What’s New

Virtual Sign Off

In today’s hyper-connected world, social media is omnipresent. Recent research revealed that 25% of smartphone owners ages 18–44 can’t recall the last time their smartphone wasn’t next to them and that a new person joins LinkedIn every two seconds.

Constance Ward of Thought Leader ZoneMy own email auto-signature offers a list of about a dozen channels for reaching the virtual me. I invite respondents to contact or even cyberstalk me through any of these channels that allow round-the-clock, on-demand access. That made sense for a consultant working globally, where the sun never set on my clients.

Now, however, I have taken a full-time position in Switzerland; so I will no longer be updating the articles on my website. You can still reach out to me through this channel –or any of the others — but I won’t be accepting new clients.

In closing, I want to thank all of you for your support over the last couple of years. I sincerely hope that you continue to “ask, assess, then act” even though we won’t be here to help in the future!

For more information, download the Media Release:
Lonza Appoints Former Journalist to Head External Communications

Endings and Beginnings

nobody can go back and start a new beginning but anyone can start today and make a new endingAs 2013 draws to a close, it’s time to reflect on newsworthy events of the year.

The media in 2013 frequently focused on endings and beginnings. Nelson Mandela’s passing this month inspired a large number of articles about the leadership and brand lessons Mandela can teach us. However, by Googling “Prince George” and “leadership lessons,” I came up with no relevant hits; so at least in this respect, the future monarch has had humble beginnings.

This time of year is one of endings and beginnings for me, too. I’m closing my communications consultancy and taking on a full-time professional role here in Switzerland. That means the next article posted here will be my last.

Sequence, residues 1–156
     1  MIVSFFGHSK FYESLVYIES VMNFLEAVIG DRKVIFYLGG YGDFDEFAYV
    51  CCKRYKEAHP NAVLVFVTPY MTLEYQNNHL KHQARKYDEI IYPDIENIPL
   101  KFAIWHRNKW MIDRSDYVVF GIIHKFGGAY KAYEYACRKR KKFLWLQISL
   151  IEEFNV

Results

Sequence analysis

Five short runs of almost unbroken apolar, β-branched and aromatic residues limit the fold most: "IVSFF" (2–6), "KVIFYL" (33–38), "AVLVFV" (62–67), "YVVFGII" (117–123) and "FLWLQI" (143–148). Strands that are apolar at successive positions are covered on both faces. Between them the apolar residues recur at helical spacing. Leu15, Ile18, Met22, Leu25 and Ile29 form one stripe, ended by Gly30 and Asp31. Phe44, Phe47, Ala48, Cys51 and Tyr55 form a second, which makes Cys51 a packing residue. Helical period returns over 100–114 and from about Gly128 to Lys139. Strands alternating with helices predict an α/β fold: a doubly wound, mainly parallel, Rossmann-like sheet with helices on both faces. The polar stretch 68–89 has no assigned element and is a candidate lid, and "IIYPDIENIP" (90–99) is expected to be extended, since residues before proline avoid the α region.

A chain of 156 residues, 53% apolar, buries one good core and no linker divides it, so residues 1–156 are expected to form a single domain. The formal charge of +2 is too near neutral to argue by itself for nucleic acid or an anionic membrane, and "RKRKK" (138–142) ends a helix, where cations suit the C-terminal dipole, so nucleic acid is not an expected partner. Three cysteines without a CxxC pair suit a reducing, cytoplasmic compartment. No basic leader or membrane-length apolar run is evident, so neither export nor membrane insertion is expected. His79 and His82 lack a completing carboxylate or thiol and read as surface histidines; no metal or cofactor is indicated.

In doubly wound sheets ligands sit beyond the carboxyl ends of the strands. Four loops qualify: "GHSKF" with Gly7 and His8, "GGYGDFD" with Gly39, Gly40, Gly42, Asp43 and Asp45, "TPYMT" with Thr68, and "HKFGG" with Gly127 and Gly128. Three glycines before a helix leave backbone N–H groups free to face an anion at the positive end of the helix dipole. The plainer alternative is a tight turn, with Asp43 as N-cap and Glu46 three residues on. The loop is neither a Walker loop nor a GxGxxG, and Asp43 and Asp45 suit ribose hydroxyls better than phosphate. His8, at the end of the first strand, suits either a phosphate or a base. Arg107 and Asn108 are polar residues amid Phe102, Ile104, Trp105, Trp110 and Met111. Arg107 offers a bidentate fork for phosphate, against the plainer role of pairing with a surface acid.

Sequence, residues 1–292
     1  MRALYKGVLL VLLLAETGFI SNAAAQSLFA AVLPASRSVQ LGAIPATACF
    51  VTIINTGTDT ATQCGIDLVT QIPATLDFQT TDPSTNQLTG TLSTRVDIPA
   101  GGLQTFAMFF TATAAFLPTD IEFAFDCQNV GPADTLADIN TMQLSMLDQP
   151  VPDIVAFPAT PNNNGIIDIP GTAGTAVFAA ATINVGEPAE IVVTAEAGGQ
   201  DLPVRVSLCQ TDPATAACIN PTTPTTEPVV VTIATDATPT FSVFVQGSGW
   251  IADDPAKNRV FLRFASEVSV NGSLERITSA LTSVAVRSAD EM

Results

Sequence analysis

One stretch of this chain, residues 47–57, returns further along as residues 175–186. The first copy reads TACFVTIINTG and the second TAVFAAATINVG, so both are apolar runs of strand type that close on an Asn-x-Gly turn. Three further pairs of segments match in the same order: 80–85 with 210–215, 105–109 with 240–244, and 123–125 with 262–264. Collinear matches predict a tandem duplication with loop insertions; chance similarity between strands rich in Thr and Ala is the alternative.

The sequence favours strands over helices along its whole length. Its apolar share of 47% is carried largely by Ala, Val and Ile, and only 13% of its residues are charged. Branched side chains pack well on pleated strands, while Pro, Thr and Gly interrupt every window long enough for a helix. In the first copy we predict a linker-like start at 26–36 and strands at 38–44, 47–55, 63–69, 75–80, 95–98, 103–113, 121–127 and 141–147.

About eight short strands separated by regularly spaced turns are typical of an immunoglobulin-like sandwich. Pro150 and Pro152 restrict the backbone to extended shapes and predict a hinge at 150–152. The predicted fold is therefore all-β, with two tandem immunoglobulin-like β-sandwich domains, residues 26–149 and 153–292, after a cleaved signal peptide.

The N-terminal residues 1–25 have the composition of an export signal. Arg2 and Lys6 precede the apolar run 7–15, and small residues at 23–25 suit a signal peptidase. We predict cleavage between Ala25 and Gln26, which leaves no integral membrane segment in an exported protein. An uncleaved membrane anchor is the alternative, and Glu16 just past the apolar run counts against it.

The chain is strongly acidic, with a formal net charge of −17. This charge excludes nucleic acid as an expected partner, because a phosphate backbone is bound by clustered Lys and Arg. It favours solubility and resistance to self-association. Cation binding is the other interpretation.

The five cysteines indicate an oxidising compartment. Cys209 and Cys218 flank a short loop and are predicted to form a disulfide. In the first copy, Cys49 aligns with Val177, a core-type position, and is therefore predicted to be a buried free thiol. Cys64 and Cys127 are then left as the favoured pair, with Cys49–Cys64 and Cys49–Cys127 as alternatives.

In the meantime, do you have any lessons as a thought leader that you’d like to share with readers? Ask, assess, then act. We’re here to help!

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Church Leader Zone

pulpit at church in Horgen Switzerland

Horgen, Switzerland

As I looked through the hundred or so articles published on this website, I recognized that some of the blog posts applied to a specific type of thought leader – a church change  leader.

Click here for a document that includes many of those adapted articles that apply to the specific situation of running a church.

Would you like to be a church change leader? Ask, assess, then act. We’re here to help!

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Prompting Participants’ Performance

large audience awaiting an apprehensive speakerSo how is a town hall meeting like a theater production or a church service? That’s not a clever riddle, but an actual comparison that came to mind during a sermon by a Zürich preacher who pointed out how a church service and a theater production were alike.

Similarly, in the business world, a town hall meeting or an all-hands meeting or some other staged event for employees is also like a theater production.

It’s easy to draw parallels with the two types of venues; there are stages with microphones, some kind of backdrop and perhaps some props.

Leaders can ask questions and facilitate a dialogue of sorts, with the role of the person on stage as a prompter for that discussion.
But another analogy is that in both cases the people on stage should be the prompters and the audience in employee meetings should be the performers. That role reversal may sound counterintuitive as usually the actors are active and the audience is passive.